Business News of 2014-09-01

Farmers warned against killing bees, flies

Entomologists working on the Global Pollination Project (GPP) in the country have cautioned farmers to desist from destroying pollinators -- especially bees and flies -- in order to boost farm yields.

They argued that bees, flies and other pollinators in the farm need to be protected during spraying exercises -- as using “unnecessary” mass-spraying methods to destroy the insects that help crops to blossom affects agricultural output.

“Increasing the presence of pollinators can definitely increase the yield. If you do mass-spraying, you kill the pests and the pollinators. So before you spray en-masse, have in mind that there are pollinators and protecting them will help,” Dr. Kwame Aidoo, Project Manager of the GPP, said.

The Global Pollination Project Ghana is a five-year project spanning 2009-2015 that aims to improve food security, nutrition and livelihoods through enhanced conservation and sustainable use of pollinators. The project also seeks to harness the benefits of pollination by insects for sustainable agriculture through an eco-system approach in selected countries.

Studies have shown that bees pollinate about 63 percent of the world’s cultivated crops, while flies contribute 19 percent. Bats on the other hand pollinate 6.5 percent of crops while the rest is done by wasps, beetles, birds, butterflies and moths.

According to the entomologists, pollinators play a crucial role in the development of plants since they increase the chances of them bearing fruit.

They therefore urged farmers to be friendly toward the insects and develop strategic ways of getting rid of them, instead of relying on mass-spraying activities which affect efforts to conserve pollinators.

“This project does not agree to mass-spraying. You should spray appropriately. You observe your farm and note the times that pollinators come in to work. Some chemicals are friendly to bees while others are not.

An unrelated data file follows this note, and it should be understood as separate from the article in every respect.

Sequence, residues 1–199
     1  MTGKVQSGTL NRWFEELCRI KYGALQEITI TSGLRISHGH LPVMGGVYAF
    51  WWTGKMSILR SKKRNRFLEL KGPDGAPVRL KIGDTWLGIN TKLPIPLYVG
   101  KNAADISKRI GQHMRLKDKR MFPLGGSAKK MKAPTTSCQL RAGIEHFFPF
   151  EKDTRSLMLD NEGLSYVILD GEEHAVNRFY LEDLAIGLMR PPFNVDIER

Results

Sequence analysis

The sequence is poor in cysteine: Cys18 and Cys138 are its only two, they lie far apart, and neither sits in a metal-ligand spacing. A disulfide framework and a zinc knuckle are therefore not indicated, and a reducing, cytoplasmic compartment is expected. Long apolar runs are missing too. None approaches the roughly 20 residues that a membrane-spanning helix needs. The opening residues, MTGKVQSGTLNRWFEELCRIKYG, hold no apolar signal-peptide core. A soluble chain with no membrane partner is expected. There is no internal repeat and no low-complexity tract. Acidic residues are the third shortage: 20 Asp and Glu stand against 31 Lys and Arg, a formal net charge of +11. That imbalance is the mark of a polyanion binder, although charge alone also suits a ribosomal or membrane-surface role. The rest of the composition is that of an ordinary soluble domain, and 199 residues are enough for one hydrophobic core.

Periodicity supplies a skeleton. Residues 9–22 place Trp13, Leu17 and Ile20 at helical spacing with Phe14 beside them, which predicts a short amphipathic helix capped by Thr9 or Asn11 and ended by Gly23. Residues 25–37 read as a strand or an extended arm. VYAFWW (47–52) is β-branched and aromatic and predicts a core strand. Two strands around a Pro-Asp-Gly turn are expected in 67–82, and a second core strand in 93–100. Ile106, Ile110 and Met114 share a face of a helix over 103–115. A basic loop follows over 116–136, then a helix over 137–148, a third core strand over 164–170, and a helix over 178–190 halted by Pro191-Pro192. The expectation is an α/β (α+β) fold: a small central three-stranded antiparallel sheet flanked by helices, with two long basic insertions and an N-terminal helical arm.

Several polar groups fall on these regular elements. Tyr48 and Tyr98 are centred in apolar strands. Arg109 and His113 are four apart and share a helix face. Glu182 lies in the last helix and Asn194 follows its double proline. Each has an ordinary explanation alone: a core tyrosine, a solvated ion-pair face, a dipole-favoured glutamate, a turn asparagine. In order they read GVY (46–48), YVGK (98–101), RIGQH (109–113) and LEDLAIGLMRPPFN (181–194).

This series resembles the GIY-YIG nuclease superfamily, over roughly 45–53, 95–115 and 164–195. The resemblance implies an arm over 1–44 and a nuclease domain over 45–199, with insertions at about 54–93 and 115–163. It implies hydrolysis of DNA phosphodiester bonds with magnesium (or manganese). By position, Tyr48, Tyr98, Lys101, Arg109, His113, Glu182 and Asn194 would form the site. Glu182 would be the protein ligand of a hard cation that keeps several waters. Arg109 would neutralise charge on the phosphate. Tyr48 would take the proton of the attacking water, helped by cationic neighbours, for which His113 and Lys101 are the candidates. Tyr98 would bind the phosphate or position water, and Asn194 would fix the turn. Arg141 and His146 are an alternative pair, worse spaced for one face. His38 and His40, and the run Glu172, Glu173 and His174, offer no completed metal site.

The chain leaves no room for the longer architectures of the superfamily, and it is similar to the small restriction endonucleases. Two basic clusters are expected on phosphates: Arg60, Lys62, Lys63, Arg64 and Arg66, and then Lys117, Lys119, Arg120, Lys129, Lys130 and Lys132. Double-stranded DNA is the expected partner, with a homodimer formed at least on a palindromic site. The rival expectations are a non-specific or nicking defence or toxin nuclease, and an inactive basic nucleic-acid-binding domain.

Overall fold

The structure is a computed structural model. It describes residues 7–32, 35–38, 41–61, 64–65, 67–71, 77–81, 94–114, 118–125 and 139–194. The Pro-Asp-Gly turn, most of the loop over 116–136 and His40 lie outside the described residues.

“You can put in fertiliser, irrigate effectively, and do all other agricultural practices that are necessary for quality output. But if you exclude pollination, you have zero yield; you do not earn anything,” Dr. Aidoo added.

Ghana is part of seven countries -- including Brazil, Nepal, India, Kenya, Pakistan, and South Africa -- participating in the Global Pollination Project funded by the Global Environment Facility (GEF), United Nations Environmental Programme (UNEP) and the Food and Agriculture Organisation (FAO).

The Ghana Pollination Project has so far selected three priority crops at three centres: Bobiri-Kubease at Ejisu (cocoa); Dodowa and Somanya (mango); and Mankessim (garden eggs) where farmers are empowered to engage in pollinator-friendly agriculture through the ecosystem approach.

Dr. Aidoo noted that climate change factors like drought, flooding, temperature changes and human activities like logging, deforestation, surface mining, bush fires, urbanisation, wild honey hunting, palm wine tapping and pesticide use must all be controlled.

“Pollinator populations can be conserved if efforts are made to deal with these factors. If palm wine tappers will cover their fermentation vats, bees will not be drowned. If honey hunters become beekeepers and use protective clothing and smokers to collect wild honey, there will be many wild colonies of bees.”

Prof. Peter Kwapong, the National Project Coordinator, explained further that since agriculture accounts for 22 percent of Ghana’s GDP and employs about half of the country’s population, there is a need to protect and conserve pollinators in order to boost agricultural output.

“There will be a 90 percent reduction in cocoa production, with mangoes seeing a 40-90 percent reduction while garden eggs will go down by between 10-40 percent if pollination activities are curtailed.”

Dr. Charles Annoh from the Central University also noted that conservation of pollinators is essential for food security and biodiversity conservation.

“Conserving pollinators in an ecosystem means preserving the essential links between plants and animals that ensure successful reproduction of plants.”

Fudu Baba Nkyem, Farm Manager at Hydrotech Farms and Trading, said that since the project was implemented at his farm he has seen a tremendous jump in yield.

“Before the project commenced we were harvesting about 5-10 tonnes of mango per season on about 35 acres of farmland. But now we are harvesting about 150 tonnes of mangoes per season and we believe that can still be improved upon.”

Mr. Nkyem urged other farmers to practise pollinator-friendly methods to maximise yield and increase revenue. “Desist from spraying the bees and flies when they come, because they play a critical role in the life of a plant”.

Source: B&FT
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